'A Fine Balance' by Rohinton Mistry

Review #134

Happy Mother’s Day! This is the perfect book to read while stuck inside during a pandemic. It’s long, gripping and tells a beautiful and heartbreaking story. If I could go back in time to add to the ‘9 Novels to Help You Endure the Coronavirus Crisis’ newsletter I sent back in March, I would include near the top of the list this Sunday’s selection, ‘A Fine Balance’ by Rohinton Mistry:

Were you forwarded this email? Subscribe here.

Radhika recommended this Booker Prize finalist to me three years ago while I was traveling in Thailand and looking for something to read. She sent me an email with several options, including this novel and ‘Midnight’s Children’ by Salman Rushdie. A small English-language used bookstore called Dāsa Book Cafe had both. I chose ‘Midnight’s Children,’ which I reviewed back then, but I should have gone with this instead. Eventually, I picked it up at Boston’s Brattle Book Shop in late 2017, along with John O’Hara’s ‘BUtterfield 8,’ and it has sat in my bedside pile ever since. What a mistake it was to overlook this gem for all that time. Thanks again, Radhika, for your recommendation. I should have listened to you sooner:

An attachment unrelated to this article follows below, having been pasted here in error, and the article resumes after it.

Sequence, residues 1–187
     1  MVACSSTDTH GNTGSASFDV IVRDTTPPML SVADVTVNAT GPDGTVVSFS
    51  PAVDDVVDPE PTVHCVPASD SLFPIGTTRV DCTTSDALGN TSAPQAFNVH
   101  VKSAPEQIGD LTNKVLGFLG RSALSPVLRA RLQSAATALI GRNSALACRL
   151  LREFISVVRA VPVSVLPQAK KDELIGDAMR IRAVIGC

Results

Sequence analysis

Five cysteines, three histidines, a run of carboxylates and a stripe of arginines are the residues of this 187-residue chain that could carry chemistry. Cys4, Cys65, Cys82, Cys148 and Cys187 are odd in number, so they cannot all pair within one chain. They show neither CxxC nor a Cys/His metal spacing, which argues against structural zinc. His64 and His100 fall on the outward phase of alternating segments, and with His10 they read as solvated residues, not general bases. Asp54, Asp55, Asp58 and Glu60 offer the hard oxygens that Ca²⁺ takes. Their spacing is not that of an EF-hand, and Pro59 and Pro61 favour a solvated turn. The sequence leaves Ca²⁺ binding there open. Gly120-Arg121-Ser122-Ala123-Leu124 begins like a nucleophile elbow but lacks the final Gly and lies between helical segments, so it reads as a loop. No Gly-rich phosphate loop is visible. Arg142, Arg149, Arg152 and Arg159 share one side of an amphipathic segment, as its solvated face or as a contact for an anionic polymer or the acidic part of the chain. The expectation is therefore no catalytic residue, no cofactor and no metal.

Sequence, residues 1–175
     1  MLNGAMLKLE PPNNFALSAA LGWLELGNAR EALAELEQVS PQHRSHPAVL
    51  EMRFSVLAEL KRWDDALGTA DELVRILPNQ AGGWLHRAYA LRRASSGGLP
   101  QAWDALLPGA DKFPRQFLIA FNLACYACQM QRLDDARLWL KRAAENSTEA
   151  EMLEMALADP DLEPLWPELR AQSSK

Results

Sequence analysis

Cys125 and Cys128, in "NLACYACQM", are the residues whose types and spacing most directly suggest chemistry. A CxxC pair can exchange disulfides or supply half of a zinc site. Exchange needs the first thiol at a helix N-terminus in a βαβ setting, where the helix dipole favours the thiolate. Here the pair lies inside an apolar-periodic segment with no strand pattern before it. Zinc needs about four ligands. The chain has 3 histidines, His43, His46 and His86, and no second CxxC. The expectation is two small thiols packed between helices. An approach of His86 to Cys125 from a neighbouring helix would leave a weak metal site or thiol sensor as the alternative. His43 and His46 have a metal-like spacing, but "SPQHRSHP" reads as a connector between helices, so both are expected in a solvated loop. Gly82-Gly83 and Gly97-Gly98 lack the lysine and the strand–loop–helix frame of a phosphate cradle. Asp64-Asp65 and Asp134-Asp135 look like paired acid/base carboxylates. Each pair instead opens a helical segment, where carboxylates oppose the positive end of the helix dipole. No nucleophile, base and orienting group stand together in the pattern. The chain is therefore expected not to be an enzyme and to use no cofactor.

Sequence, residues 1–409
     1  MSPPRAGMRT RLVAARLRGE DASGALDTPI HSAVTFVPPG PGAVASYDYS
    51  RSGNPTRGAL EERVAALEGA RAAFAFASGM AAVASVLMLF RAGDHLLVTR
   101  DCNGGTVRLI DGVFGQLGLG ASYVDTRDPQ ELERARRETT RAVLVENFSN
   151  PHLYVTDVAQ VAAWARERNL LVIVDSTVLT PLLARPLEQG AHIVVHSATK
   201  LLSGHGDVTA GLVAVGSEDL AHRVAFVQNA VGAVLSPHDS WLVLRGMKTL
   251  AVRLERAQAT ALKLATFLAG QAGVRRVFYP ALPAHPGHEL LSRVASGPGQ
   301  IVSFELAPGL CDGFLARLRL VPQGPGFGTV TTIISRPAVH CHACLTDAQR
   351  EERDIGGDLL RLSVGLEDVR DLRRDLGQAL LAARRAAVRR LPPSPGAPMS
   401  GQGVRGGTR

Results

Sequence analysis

The story is set in an unnamed city in India in 1975. Two tailors from a rural village and a college student from the mountains meet on a train bound for the city. Turns out they’re all headed to the same place: Dina Dalal’s apartment. To live independently from her overbearing brother and to afford the rent, Dina, a widow, has decided to bring in a paying guest and to start an in-home dressmaking factory. The tailors, Ishvar and his teenage nephew Omprakash, are going to assemble the clothes and save money before returning to their hometown. The student, Maneck, is renting her room to avoid staying at the school’s foul and bedbug-ridden hostel. As the group comes together in Dina’s flat, the story breaks off into their backstories. We see Ishvar and Omprakash’s family struggle against the caste system, breaking from their preordained roles as leatherworkers to become tailors. We see Dina young and happily married to Rustom, who loved to bicycle through the city before he was hit by a bus and killed. We see Maneck, the apple of his parents’ eyes, who wanted nothing more than to stay with them and help run the family shop, but was sent away to school to earn a certificate in air-conditioning repair in hopes of securing his future. Back in the apartment, we see the foursome overcome their ignorance and prejudices about each other and become close. Dina is originally aloof to the tailors, but comes to empathize with them and allows them to live on her porch when they become homeless. She initially insists that Maneck refer to her as Dina Aunty, but she takes on a more motherly role as she gets to know him. Omprakash and Maneck become very close, almost like brothers. They become a makeshift family, proving that: